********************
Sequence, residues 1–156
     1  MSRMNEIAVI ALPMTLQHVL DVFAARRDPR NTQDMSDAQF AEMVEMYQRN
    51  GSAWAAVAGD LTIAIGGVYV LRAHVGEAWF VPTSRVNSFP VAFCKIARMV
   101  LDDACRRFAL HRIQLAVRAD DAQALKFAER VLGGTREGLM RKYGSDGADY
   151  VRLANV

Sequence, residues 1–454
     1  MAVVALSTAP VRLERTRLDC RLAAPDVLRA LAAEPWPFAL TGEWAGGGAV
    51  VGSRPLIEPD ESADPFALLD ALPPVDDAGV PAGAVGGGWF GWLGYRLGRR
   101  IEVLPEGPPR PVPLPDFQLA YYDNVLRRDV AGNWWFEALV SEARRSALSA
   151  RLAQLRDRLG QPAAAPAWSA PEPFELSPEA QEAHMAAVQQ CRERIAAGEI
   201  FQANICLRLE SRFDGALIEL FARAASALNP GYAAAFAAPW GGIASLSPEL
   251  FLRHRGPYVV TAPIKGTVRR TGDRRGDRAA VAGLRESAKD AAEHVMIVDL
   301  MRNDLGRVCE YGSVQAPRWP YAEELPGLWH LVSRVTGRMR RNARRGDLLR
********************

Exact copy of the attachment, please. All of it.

Sequence, residues 1–156
     1  MSRMNEIAVI ALPMTLQHVL DVFAARRDPR NTQDMSDAQF AEMVEMYQRN
    51  GSAWAAVAGD LTIAIGGVYV LRAHVGEAWF VPTSRVNSFP VAFCKIARMV
   101  LDDACRRFAL HRIQLAVRAD DAQALKFAER VLGGTREGLM RKYGSDGADY
   151  VRLANV

Sequence, residues 1–454
     1  MAVVALSTAP VRLERTRLDC RLAAPDVLRA LAAEPWPFAL TGEWAGGGAV
    51  VGSRPLIEPD ESADPFALLD ALPPVDDAGV PAGAVGGGWF GWLGYRLGRR
   101  IEVLPEGPPR PVPLPDFQLA YYDNVLRRDV AGNWWFEALV SEARRSALSA
   151  RLAQLRDRLG QPAAAPAWSA PEPFELSPEA QEAHMAAVQQ CRERIAAGEI
   201  FQANICLRLE SRFDGALIEL FARAASALNP GYAAAFAAPW GGIASLSPEL
   251  FLRHRGPYVV TAPIKGTVRR TGDRRGDRAA VAGLRESAKD AAEHVMIVDL
   301  MRNDLGRVCE YGSVQAPRWP YAEELPGLWH LVSRVTGRMR RNARRGDLLR